The Garden Design Process, Step-by-Step
Now is the time to make plans for your garden before the frenzy of spring arrives. How do you begin designing your own home garden? Or updating one you inherited? All the decision-making can be overwhelming. Simplify by breaking the process down into steps, saving the best for last (the plants).
Start with Inspiration
Browse magazines, books, social media and websites for gardens that you love. Go for a stroll in your neighborhood, go for a hike or meander through Denver Botanic Gardens. Even art museums or galleries offer garden inspiration. Once you find something that strikes your interest, try to pinpoint specifically what you like about it: Is it the sculptural impact of dense shrubs and cacti? Does it bring back fond memories of childhood? Is it the protective feeling of a shaded seating area? Often, it’s just the feeling that the garden evokes, not necessarily the specific plants that draw you in. Once you have a general idea of the style or feeling you want to create you can move to the next step.
If you are designing for your house, it’s important that the style and layout marry with the building. Is it adobe with rounded corners and soft curves or Victorian: symmetrical and angular? Begin by looking at the footprint of your house and drawing lines out from major architectural points (either on paper or spray paint out in the yard). This can lay the foundation for the shapes of the garden beds or hardscaping.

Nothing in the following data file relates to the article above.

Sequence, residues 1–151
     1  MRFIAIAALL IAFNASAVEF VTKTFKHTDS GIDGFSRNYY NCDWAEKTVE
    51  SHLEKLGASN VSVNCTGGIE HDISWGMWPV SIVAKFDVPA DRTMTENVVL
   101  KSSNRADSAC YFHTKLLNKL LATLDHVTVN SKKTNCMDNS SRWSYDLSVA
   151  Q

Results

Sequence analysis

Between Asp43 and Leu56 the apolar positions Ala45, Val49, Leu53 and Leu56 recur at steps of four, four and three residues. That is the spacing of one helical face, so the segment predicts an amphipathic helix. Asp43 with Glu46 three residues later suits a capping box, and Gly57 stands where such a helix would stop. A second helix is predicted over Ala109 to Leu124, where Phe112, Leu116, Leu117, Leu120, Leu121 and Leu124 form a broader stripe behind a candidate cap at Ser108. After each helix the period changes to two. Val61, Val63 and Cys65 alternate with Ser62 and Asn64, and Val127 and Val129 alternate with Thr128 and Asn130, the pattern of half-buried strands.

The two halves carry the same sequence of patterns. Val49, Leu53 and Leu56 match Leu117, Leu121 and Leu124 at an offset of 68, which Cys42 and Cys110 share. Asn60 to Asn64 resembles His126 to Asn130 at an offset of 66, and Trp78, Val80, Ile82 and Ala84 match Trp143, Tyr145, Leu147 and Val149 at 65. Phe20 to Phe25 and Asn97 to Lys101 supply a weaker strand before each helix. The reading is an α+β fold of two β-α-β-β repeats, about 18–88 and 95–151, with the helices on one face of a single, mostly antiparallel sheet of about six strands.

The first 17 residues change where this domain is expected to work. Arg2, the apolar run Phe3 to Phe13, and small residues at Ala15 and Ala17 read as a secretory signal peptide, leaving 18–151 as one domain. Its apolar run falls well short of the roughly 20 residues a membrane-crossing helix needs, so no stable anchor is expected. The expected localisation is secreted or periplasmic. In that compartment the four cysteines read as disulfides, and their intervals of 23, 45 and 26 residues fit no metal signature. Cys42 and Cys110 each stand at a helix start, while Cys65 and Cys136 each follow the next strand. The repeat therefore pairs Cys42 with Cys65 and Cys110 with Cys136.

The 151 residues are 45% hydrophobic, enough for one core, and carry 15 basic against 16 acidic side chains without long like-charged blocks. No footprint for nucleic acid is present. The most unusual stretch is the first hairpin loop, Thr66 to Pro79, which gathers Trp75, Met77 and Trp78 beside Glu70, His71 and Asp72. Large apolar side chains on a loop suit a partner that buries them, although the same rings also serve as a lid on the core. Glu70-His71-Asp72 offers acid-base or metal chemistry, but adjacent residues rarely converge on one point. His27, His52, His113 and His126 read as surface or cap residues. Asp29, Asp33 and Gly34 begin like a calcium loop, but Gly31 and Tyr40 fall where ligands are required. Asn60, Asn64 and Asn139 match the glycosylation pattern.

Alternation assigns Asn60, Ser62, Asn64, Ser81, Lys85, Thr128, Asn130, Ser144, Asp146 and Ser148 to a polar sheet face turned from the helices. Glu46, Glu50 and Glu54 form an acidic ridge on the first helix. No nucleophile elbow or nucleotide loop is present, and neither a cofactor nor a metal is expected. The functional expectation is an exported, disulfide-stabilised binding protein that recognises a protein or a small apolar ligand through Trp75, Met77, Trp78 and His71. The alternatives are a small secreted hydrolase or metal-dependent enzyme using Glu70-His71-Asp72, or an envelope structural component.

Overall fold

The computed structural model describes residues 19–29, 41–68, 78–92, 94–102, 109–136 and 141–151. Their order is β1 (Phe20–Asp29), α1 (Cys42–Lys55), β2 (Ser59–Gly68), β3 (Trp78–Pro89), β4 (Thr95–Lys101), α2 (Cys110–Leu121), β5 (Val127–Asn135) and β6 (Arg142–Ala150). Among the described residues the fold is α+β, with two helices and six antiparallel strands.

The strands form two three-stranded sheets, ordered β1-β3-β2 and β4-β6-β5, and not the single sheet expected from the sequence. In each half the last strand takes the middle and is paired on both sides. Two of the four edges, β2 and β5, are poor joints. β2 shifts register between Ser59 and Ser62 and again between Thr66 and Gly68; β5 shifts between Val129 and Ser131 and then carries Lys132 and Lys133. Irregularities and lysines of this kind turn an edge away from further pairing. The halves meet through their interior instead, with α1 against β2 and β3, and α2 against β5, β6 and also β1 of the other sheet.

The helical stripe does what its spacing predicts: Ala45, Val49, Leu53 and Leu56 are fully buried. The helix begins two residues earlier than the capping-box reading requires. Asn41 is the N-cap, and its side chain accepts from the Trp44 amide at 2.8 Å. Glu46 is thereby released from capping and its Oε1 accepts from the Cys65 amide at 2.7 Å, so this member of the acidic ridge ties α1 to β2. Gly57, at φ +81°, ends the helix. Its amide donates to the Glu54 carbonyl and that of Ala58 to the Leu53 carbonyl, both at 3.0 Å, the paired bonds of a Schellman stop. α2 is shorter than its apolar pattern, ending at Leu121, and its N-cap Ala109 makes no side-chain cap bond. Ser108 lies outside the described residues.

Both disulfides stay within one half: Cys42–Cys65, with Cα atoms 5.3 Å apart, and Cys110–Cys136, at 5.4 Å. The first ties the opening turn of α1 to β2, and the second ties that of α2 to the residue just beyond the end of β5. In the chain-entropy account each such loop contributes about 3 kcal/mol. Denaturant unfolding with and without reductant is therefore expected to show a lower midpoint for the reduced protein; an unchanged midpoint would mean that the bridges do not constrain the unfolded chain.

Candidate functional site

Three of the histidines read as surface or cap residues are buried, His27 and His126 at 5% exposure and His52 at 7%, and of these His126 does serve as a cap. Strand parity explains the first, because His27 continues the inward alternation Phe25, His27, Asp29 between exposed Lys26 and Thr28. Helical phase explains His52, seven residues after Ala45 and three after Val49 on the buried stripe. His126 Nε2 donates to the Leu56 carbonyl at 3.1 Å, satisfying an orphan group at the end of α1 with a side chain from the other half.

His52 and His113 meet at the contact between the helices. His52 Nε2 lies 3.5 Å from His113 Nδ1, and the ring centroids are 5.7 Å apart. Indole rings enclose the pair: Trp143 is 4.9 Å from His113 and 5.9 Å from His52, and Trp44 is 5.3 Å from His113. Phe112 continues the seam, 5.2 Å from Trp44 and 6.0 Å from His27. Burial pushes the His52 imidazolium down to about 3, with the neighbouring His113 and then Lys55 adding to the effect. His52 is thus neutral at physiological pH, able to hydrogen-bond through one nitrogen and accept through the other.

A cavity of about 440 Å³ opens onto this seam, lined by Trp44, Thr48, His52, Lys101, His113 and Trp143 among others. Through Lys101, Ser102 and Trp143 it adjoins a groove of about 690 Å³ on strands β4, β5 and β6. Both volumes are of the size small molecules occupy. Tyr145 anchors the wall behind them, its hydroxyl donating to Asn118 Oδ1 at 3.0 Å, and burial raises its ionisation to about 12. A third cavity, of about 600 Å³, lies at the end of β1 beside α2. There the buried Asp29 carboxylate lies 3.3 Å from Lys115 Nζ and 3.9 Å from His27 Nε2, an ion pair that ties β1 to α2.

Plan for Function
Decide which shapes on your plan should become planting or hardscaping. This is where practical considerations are paramount. How will theses spaces be used? Maybe the space will be a seating area or offer an unobstructed view. Consider materials that are regionally appropriate and relate to your house. Maybe red sandstone pavers fit best—or perhaps grey, crushed gravel.
Now you can get creative with plants. There are many ways to design a planting scheme. Here’s a simple option. Research three plants indicative of your chosen garden style. Make sure they grow well in your area and look nice together. Next, choose a couple companion plants that share some commonalities with your main three, such as similar leaf shape, same fuzzy texture or same color bark. In the gallery below, Heuchera pulchella, Schizachyrium scoparium and Sedum spurium ‘Red Carpet’ all share hints of maroon coloring and prefer dry, sunny gardens. Don’t be afraid to keep the palette simple and repetitive. Remember, you can always change it!
I hope you feel inspired to start your garden design. Leave a comment below and let me know what your design ideas are or if you have any questions.
Schizachyrium scoparium photo: Andy Mabbett
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